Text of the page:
The goal of my work is to understand the formation and evolution of cosmic dust, particularly where it is formed. Cosmic dust is a nuisance to astronomers as it blocks out optical light, affecting our view of the Universe. It is also very important as dust affects star formation, stellar mass loss rates, the formation of molecular hydrogen and planets. Recent work hints that the explosions of massives stars (supernovae) may produce a lot more dust than previously thought. This is especially important in the early Universe where fast-lived, massive stars would be the only source of dust.
Specifically, I work on space dust in supernovae, in M31, in nearby galaxies and over recent cosmic time. This has involved using the European Space Agency’s Herschel Space Observatory with funding from STFC and the ERC.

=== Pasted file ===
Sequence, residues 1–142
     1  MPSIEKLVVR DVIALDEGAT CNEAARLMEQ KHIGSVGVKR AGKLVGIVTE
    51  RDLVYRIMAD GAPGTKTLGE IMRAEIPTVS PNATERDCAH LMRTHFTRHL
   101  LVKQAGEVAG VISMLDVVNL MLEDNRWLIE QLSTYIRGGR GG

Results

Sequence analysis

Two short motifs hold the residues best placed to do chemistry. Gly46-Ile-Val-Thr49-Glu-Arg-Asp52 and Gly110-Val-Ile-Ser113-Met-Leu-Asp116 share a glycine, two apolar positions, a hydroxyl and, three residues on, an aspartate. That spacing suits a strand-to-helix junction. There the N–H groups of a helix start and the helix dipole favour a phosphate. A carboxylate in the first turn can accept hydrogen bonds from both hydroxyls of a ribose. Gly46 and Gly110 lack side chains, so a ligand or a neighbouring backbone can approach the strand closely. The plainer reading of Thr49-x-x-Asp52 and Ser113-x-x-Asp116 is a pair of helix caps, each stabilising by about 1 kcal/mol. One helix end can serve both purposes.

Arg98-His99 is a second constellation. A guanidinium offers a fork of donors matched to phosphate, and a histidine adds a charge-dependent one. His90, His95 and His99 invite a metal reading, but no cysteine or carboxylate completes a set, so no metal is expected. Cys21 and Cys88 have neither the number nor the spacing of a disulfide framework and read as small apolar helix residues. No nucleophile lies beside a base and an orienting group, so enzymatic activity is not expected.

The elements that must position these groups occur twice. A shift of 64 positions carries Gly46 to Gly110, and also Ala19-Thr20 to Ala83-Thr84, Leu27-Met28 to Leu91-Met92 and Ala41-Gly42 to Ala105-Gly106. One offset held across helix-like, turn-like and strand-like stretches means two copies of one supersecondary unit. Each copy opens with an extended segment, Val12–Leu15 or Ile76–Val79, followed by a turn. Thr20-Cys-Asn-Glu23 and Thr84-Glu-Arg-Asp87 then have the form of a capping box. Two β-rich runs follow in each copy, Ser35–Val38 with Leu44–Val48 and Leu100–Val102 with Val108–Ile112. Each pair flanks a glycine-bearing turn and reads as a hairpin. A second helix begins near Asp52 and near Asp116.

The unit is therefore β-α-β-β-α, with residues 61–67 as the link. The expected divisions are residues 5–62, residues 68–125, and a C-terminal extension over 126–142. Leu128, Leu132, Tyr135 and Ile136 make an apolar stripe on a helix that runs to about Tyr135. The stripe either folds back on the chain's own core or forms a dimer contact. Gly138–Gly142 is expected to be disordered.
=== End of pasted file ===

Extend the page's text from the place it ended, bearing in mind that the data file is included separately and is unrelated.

Lighting up the dark – the evolution of dust throughout cosmic time
In 2015, I was one of 372 scientists awarded an European Research Council Consolidator grant totaling €1.8 million to carry out research for 5 years into cosmic dust. In particular, the project aums to study dust in galaxies over the past 8 billion years and to investigate dust polarisation in supernovae.
The formal 2015 ERC announcement and results can be found here.